I have been able to work around this problem by rolling back the channel upgrade with nix-channel --rollback + nixos-rebuild, but I would like to find the root cause. How can I get more information on what changed exactly when I ran a rebuild and/or the channel upgrade? Maybe a diff between channel generations or NixOS generations? Or a more detailed log on what is happening during nixos-rebuild?
If I’m reading things correctly, the last good Nix channel was at revision d70f5cd5c3bef45f7f52698f39e7cc7a89daa7f0 and the bad one was at revision 628d4bb6e9f4f0c30cfd9b23d3c1cdcec9d3cb5c.
To clarify, my NixOS configuration itself has not changed, it’s only the channel upgrade plus a rebuild that broke my use case.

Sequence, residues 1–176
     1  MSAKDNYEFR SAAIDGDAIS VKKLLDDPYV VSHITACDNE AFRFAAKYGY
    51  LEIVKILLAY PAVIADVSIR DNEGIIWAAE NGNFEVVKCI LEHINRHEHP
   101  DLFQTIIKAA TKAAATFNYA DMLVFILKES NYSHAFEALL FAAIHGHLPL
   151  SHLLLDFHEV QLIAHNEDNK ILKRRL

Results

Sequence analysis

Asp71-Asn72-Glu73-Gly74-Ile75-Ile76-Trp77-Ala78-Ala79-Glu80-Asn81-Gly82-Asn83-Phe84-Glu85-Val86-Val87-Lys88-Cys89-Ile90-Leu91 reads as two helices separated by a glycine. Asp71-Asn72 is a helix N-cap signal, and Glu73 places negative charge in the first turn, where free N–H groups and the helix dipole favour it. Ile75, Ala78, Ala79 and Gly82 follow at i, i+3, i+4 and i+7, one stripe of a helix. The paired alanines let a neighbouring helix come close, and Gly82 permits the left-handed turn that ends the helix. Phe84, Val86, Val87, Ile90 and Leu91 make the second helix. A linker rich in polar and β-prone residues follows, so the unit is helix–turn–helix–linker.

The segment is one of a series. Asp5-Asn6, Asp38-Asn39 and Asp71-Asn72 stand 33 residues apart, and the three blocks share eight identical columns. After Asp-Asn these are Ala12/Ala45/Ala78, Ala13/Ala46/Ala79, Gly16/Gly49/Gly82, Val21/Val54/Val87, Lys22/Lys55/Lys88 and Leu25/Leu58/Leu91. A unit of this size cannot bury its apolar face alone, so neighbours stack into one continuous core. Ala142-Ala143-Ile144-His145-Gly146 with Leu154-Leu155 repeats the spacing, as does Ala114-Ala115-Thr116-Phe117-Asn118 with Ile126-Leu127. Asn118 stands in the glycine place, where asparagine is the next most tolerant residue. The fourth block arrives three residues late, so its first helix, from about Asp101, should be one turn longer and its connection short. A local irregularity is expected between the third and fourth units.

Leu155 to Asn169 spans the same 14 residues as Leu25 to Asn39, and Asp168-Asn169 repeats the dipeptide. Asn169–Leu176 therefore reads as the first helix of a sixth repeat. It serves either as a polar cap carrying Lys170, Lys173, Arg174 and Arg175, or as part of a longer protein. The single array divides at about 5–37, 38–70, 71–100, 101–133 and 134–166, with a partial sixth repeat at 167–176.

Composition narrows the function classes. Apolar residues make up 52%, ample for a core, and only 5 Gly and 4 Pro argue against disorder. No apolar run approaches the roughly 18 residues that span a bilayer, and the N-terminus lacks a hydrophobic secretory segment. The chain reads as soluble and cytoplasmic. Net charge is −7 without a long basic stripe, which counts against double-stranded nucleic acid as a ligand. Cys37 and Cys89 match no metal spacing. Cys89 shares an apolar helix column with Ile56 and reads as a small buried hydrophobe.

You get yourself a checkout of Nixpkgs and start a git bisect (ideally with --first-parent). Then nixos-rebuild build -I nixpkgs=/path/to/nixpkgs each step and tell git whether it’s good or bad.
You could deploy (test) each revision on the production machine but I’d personally rather build-vm instead and test against the VM with a problematic device.
Do that a few times until git tells you which commit is the first bad one and ping the author of the commit in your issue.
If it’s a staging-next merge, you’ll have to bisect that staging cycle in a second step which will get quite a bit more complicated and time-intensive. As a start you could then manually see whether any change affecting jellyfin directly was in that cycle.